Features | 14 Jun 2024

Knights, chihuahuas and drag queens have entered the chat

From medieval reenactors to wheelchair basketball players, the chat groups on our phones mirror the wondrously diverse interests and people of the UK. We spoke to just a few of them.

“Many of us share eBay links, as you can’t just go down to the supermarket for a sword,” Lucy Horrocks of ‘Company of the Phoenix’ re-enactment group told Vodafone UK News, while surrounded by frolicking chihuahuas, pirouetting cheerleaders and extravagantly colourful drag queens.

Gathered together in the capital on Potters Fields Park, near Tower Bridge, were seven very different groups – Company of the Phoenix, the Ancient and Honourable Guild of Town Criers, Dragged Around London, London Chihuahuas, London Dynasty Cheer, the London Titans and the Oxford Taylor Swift Society.

All of them, however, were there for the same reason: to have their group photos taken as part of the Nation’s Network campaign from Vodafone. Because, differences aside, they are unified by a very modern phenomenon – the group chat, with the average UK adult a member of 83 active group chats.

For all seven, group chats are unsurprisingly essential for practical, logistical and organisational matters, such as when and where everyone should be – especially when members don’t live in the same town or area. Phoenix not only use theirs for sharing tips on sourcing historically-accurate medieval props and accoutrements, but for even more basic issues when attending re-enactments. “It’s definitely a lot easier and a lot quicker to get answers for last minute changes, such as the gate code for a castle, than a lot of phone calls or emails,” explained Lucy.

From ‘holibobs’ to ‘famalam’: the group chats uniting the UK

Vodafone uncovers the nation’s networks in a new study.

For wheelchair basketball team London Titans, their group chat is vital for sharing tips on where to find accessible parking at games – especially spaces with enough room for unloading their sports chairs. Dragged Around London, meanwhile, primarily use their chat in a very business-like fashion to find available performers for upcoming gigs, from walking tours to birthday parties.

While Dragged Around London hopes to use their chat to organise more social and community events in the future, that’s already the lifeblood of London Chihuahuas’ chat. Devotees of the diminutive dogs have several borough-level local subgroups, so that the 370-odd members can meet up more frequently and easily for canine playdates. While the group is as much for the chihuahuas as it is for the humans, that hasn’t stopped many of the pup parents from getting along famously. “I’ve met some of my closest friends through the group,” beamed proud chihuahua owner and group admin Georgi.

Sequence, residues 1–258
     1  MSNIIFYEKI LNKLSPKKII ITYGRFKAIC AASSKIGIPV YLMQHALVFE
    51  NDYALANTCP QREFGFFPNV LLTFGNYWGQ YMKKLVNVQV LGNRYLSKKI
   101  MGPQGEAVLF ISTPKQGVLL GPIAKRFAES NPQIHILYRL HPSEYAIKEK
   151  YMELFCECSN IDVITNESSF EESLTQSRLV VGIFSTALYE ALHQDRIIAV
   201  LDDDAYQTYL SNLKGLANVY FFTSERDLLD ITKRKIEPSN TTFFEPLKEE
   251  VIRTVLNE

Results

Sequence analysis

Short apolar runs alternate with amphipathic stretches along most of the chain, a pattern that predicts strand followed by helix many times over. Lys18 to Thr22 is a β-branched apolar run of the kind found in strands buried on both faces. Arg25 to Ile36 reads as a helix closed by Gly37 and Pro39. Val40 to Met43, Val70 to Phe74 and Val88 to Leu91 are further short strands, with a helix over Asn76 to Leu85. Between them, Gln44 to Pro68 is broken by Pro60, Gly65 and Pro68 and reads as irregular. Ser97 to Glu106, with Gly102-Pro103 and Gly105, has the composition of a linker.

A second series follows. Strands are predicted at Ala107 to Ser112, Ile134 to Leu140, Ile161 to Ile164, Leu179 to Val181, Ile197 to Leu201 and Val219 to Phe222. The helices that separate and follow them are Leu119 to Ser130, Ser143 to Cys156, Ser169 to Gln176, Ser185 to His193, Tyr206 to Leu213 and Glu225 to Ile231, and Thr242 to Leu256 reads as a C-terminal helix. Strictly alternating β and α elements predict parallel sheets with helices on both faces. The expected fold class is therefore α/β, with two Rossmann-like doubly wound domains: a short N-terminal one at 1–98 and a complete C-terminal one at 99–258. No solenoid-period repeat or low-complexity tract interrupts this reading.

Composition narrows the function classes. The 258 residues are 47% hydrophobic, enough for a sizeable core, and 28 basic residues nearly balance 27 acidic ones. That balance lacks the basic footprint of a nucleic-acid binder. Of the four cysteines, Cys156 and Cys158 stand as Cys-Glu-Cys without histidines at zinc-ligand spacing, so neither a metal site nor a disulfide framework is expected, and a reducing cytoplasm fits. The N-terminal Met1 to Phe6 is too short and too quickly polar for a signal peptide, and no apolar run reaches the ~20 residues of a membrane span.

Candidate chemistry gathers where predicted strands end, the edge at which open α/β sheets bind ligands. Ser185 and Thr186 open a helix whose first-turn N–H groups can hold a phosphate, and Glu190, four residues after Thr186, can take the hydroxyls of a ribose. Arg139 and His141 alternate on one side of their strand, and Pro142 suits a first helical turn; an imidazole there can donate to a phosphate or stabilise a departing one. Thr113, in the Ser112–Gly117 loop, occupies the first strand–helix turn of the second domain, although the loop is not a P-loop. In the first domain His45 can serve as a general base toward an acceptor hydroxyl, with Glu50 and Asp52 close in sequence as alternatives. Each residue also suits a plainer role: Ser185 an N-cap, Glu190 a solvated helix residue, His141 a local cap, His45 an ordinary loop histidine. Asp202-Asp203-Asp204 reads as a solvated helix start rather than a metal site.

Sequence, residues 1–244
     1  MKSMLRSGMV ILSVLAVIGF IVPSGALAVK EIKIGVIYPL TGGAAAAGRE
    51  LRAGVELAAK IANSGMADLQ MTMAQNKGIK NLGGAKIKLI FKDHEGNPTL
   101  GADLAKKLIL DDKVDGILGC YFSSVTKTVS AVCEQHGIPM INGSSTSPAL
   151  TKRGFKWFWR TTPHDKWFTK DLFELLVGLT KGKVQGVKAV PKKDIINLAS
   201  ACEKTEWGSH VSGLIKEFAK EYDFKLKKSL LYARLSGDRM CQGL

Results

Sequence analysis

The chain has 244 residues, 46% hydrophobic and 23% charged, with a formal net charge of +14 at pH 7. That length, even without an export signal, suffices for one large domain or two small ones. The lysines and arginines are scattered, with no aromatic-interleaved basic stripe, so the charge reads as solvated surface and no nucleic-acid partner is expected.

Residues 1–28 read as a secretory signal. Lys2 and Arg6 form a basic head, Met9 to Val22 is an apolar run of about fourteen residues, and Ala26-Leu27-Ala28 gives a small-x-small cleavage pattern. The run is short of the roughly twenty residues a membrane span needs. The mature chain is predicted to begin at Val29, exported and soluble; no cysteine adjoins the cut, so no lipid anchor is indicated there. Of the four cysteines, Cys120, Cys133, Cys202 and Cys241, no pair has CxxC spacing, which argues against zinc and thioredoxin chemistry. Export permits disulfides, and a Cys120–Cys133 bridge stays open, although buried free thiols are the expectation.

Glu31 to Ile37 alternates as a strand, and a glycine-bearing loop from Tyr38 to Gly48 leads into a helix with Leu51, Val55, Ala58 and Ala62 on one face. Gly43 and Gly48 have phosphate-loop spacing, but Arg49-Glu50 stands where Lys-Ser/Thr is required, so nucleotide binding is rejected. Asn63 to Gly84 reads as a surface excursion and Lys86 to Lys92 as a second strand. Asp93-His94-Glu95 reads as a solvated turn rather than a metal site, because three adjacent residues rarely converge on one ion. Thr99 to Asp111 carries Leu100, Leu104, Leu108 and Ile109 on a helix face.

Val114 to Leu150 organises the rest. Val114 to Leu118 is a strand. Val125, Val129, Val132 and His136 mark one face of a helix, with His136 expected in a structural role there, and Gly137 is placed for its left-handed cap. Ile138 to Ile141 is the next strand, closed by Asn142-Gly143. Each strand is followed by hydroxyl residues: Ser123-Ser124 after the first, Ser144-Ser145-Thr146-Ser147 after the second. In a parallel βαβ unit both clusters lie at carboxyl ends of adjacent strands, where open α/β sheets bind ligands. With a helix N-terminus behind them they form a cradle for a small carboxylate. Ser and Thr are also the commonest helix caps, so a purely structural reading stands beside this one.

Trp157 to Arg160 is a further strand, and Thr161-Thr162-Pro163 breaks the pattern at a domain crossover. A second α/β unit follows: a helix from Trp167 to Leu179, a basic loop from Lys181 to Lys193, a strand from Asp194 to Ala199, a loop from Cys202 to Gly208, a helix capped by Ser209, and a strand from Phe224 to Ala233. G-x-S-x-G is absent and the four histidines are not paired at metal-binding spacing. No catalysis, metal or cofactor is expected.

The sense of community is especially important for the members of the Titans’ group chat. “Even if we do lose, as much as I don’t like it, I enjoy spending time with the people that come and play,” said team member Reece.

Ben, another Titan team member, mentioned the importance of being around others that understood the daily ups and downs of life in a wheelchair. Something that his teammate, Freddy, echoed: “It’s nice to be around other people in chairs. In my other life, I don’t know anyone else in a wheelchair. It’s nice being at the same height as everyone when you’re talking.”

Georgi of London Chihuahuas admitted that she has had to develop some ground rules for their group chat, such as prohibitions against offering dogs for breeding or attempting to sell puppies. “There also some group rules to stop people bickering over things. So if you don’t like something, you can give your opinion, but don’t directly target somebody. For example, there’s some people that have more than five chihuahuas. And then someone will say ‘how could you possibly care for them, you’re evil’ – that kind of thing.”

Combative chihuahua caucuses aside, a sense of gleeful togetherness emanated from all of the groups, a togetherness made possible and enhanced by modern connectivity.

Maneeta of Dragged Around London giggled as they told Vodafone UK News about the strangest gigs the group had been asked to perform at. “We even once had a request for a drag person to come to a wake!”

A Phoenix re-enactor, meanwhile, was unequivocal about what kept him coming back to the medieval world, time and again. “Mental health-wise, it’s the best thing ever to be around a fire at night with all your mates in costume, just having a great time!”

Stay up to date with the latest news from Vodafone by following us on LinkedIn and Twitter/X, as well as signing up for News Centre website notifications.